So, a few sections of society, such as the tribal communities, whose generations have lived in and around forests and don’t have the required documentation, were to be suddenly asked to basically not only abandon their own homes but also just be disregarded as even the citizens of their own homeland. They would have been moved to detention centres.
This section of society has faced the brunt of evictions for conservation and industrial projects over the years, and a proposal like NRC posed the biggest threat to their basic human rights. Another harsh ruling that took place in 2019 was the Supreme Court ordering the eviction of over 8 million people.
At the same time, BJP, led by Narendra Modi, tried to push for the draconian forest laws, which will permit forest guards to shoot people with impunity. This was the biggest threat to the Forest Rights Act. There was strong resistance from the tribal people against the forest laws, and when the protests became a serious threat to the state authorities, it was suppressed by the government by the use of police and paramilitary forces.
Additionally, BJP proclaimed it as unconstitutional, anti-national, and anti-state, which seems to be a common terminology used by the current government whenever they feel threatened by anyone. The protests that took on a large scale were highly defamed by the state authorities, local and national media, and right-wing civil society, and resulted in the mass repressions of Adivasis in the whole area.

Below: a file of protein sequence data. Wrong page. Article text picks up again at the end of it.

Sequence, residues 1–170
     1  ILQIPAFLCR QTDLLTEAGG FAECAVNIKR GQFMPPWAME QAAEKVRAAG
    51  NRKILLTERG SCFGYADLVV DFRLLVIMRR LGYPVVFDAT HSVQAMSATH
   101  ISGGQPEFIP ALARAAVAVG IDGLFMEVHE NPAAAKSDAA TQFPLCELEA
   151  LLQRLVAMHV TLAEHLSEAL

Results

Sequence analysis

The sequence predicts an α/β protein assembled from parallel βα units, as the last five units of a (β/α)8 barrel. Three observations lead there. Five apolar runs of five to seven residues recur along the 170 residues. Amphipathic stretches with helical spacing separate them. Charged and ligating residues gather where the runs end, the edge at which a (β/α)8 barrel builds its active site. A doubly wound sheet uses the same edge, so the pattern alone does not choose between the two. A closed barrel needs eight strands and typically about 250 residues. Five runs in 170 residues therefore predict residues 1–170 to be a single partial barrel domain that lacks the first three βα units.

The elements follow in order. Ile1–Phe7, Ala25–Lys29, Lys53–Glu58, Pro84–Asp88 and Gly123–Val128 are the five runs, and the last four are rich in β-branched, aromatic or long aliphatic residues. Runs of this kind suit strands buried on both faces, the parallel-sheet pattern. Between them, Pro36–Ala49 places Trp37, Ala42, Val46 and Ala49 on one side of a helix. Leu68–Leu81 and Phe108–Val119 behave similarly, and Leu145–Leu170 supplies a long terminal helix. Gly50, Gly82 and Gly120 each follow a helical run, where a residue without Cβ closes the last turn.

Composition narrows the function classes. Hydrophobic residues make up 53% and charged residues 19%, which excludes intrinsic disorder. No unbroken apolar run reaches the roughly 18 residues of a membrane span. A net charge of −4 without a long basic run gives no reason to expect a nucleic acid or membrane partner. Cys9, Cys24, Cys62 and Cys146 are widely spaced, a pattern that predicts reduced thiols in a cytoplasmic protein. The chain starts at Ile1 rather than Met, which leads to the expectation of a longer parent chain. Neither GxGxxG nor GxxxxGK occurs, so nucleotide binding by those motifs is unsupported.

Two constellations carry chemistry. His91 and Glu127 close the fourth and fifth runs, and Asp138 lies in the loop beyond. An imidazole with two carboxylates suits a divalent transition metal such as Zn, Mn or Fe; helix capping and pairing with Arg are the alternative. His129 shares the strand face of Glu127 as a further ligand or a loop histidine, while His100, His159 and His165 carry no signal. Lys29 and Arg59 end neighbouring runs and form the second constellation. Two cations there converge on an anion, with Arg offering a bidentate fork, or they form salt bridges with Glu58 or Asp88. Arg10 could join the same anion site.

While the talk of an Adivasi leader holding the highest title in the nation is trending, Adivasis across the major central Indian states of Jharkhand, Odisha, Chhattisgarh, and Madhya Pradesh are currently fighting for Indigenous Peoples’ collective rights over their lands, territories and natural resources. The movement is called “The Pathalgadi Movement”, which is an autonomous self-determination resistance movement of the Munda Adivasis of Jharkhand’s Khunti district.
The steps taken by the central government in the recent past have clearly shown how less the rights of Adivasis matter to them and how bad they have been treated by the authorities. If a party is truly concerned about the tribal people of India, they should act on the current issues that cater to the betterment of the people.
The election of Draupadi Murmu might as well result in favour of Adivasi people as she herself belongs to the community and understands their situation. But it is not necessarily true that a leader representing a marginalised section of society will have an impact on their development.
Mayawati was both a woman and a leader from a Scheduled Caste, but her holding the highest state position has not necessarily resulted in bringing about any notable change for the people she represents, as noted by Ajoy Bose in the data analysis in her biography.
Backed by the opposition Congress, Yashwant Sinha is contesting against Draupadi Murmu in the presidential elections. He has served as India’s finance minister from 1998 to 2002 during BJP’s term. Sinha, 84, is known to be a BJP rebel who left the party in 2018, following a divergence with Modi on economic issues.
Though the President largely holds ceremonial powers, they also play a crucial role during a political crisis. Thus having someone who has been dedicated to the party will always serve as an advantage for the ruling party.
The journey of Murmu has inspired not only women, but people from other minorities and the future election of her as the President will continue to inspire more people to consider politics as a career. But the fear of it becoming just a task that a ruling party is fulfilling for their good PR will reduce the chances of an actual impact that a decision could make. Political parties should raise beyond political gain and actually work towards uplifting the marginalised sections of society.
Featured image source: Business Today